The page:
A Chinese Emperor's seal fetches $11.8 million when it goes under the hammer in Hong Kong.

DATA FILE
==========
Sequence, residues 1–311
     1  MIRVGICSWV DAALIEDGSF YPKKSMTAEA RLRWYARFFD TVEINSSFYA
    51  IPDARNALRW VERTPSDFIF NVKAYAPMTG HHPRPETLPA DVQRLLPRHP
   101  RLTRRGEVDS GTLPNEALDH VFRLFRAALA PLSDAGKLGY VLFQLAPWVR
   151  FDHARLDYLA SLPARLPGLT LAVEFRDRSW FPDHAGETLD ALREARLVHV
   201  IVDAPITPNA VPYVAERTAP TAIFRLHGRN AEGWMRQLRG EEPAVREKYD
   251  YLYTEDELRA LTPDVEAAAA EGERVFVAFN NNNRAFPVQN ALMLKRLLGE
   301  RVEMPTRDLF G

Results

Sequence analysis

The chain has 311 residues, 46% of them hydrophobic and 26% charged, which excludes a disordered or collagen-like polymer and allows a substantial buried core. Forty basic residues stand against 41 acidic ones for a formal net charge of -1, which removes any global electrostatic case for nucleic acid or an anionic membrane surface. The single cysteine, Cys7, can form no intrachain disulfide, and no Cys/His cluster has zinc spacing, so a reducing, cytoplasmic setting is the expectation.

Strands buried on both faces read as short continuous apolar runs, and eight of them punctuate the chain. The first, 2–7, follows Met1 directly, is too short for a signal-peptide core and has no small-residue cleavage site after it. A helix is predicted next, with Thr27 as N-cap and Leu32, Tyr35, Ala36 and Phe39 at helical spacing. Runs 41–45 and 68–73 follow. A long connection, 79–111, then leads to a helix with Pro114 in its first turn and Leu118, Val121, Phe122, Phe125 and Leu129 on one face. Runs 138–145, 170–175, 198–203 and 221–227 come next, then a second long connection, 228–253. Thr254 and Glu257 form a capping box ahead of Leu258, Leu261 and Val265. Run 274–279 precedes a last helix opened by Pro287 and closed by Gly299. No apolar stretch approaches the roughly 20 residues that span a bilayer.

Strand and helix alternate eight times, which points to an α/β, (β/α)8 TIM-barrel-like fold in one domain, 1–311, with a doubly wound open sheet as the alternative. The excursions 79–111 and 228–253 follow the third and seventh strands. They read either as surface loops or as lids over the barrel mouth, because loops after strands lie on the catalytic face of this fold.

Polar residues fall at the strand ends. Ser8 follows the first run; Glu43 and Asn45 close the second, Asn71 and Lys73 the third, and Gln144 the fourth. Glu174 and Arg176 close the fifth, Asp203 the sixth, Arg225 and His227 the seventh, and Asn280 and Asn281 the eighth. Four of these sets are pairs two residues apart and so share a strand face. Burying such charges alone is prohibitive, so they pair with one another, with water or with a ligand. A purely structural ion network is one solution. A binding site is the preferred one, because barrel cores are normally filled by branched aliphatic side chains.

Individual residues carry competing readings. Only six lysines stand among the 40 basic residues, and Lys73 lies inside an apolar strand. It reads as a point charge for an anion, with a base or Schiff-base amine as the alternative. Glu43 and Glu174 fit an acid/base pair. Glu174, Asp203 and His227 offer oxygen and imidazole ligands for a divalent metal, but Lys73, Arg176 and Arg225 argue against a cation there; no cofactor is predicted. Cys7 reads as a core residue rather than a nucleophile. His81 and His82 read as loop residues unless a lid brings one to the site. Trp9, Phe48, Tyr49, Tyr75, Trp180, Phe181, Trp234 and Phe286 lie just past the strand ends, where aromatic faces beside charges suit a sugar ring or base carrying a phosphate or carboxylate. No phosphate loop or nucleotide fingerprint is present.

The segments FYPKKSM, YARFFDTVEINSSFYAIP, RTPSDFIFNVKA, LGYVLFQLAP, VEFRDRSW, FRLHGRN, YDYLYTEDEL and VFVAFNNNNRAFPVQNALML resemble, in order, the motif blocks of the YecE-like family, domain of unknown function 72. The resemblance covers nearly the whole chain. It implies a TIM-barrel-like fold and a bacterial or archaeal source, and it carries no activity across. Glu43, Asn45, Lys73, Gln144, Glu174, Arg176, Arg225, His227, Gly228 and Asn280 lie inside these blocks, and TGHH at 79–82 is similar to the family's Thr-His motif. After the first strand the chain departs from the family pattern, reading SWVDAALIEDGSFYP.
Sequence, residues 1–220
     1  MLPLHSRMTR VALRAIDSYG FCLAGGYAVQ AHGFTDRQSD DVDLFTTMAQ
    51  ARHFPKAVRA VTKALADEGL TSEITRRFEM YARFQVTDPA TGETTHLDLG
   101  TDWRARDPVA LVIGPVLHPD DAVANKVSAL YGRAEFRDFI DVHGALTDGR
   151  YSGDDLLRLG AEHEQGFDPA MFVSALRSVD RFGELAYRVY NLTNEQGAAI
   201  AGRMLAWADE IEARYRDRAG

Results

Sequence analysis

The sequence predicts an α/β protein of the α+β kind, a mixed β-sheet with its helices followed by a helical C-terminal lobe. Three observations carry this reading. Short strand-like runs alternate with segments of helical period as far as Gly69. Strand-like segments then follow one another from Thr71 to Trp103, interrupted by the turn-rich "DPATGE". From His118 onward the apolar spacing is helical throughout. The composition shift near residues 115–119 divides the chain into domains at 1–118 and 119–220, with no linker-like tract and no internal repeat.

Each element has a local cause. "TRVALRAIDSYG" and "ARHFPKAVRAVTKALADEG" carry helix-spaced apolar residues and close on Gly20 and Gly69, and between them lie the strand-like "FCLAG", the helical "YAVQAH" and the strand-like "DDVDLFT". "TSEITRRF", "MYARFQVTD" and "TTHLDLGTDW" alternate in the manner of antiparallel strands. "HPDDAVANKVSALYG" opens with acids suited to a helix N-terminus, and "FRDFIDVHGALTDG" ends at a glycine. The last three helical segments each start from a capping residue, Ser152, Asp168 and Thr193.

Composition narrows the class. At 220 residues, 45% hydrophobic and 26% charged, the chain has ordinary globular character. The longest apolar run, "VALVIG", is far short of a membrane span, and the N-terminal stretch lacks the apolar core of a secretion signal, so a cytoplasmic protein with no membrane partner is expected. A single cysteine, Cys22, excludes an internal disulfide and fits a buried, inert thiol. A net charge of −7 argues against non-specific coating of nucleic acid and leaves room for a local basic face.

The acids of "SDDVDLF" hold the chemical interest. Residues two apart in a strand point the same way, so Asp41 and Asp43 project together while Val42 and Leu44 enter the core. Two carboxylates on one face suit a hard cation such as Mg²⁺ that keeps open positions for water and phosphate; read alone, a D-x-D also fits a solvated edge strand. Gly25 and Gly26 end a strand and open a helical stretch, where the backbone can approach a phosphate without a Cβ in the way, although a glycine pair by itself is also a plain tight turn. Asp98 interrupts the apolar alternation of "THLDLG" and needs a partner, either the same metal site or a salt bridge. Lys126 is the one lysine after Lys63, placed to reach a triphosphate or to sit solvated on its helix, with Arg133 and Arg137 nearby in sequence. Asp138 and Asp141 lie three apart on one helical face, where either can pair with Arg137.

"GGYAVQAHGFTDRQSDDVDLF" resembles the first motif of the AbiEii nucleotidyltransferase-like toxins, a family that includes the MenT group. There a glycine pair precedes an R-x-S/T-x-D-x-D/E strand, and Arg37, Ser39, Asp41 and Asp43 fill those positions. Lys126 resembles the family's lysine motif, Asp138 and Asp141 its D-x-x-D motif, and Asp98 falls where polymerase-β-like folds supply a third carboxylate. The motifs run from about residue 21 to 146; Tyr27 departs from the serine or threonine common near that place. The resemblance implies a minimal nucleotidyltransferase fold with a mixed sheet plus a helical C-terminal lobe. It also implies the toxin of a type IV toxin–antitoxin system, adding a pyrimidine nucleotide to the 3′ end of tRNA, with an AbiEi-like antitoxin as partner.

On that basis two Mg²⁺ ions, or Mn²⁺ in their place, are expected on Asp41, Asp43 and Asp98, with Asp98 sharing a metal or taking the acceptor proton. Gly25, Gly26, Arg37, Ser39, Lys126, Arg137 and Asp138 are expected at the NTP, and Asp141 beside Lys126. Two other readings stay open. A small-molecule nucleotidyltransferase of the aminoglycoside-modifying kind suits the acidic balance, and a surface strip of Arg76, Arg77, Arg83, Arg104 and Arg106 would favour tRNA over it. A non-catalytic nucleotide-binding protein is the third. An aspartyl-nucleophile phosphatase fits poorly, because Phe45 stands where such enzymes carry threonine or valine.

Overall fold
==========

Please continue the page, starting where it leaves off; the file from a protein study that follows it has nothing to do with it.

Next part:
ROUGH CUT - NO REPORTER NARRATION STORY: The largest imperial seal used by Chinese emperor Kangxi went under the hammer in Hong Kong on Wednesday (April 6) and fetched $11.8 million (USD). Sotheby's said an Asian buyer won the bid and that it set the third highest price for any Chinese imperial seal sold at an auction. It added that the price also set a world auction record for a seal carved for Emperor Kangxi, who ruled China from 1661 to 1722. Deputy Chairman of Sotheby's Asia and International Head and Chairman of Chinese Works of Art, Nicolas Chow, says the seal is the most important Chinese historical object ever to be offered at auction. He added that it's challenging to value a work that is being sold for its symbolism. "Well this is the largest seal ever carved for Emperor Kangxi, who was the longest reigning monarch in the history of China. The four characters on the base say 'jingtian qinmin' which means 'revere heaven, and serve thy people'. It really crystallizes the political theory in China whereby heaven bestows its power upon the ruler who is righteous and benevolent," Chow said. The "pig dragon" on the seal, a supernatural beast, symbolizes the link between heaven and earth, Chow added. Wednesday (April 6) concluded Sotheby's Spring Sales. Its rival Christie's is hosting their Spring auctions from May 27 to June 1.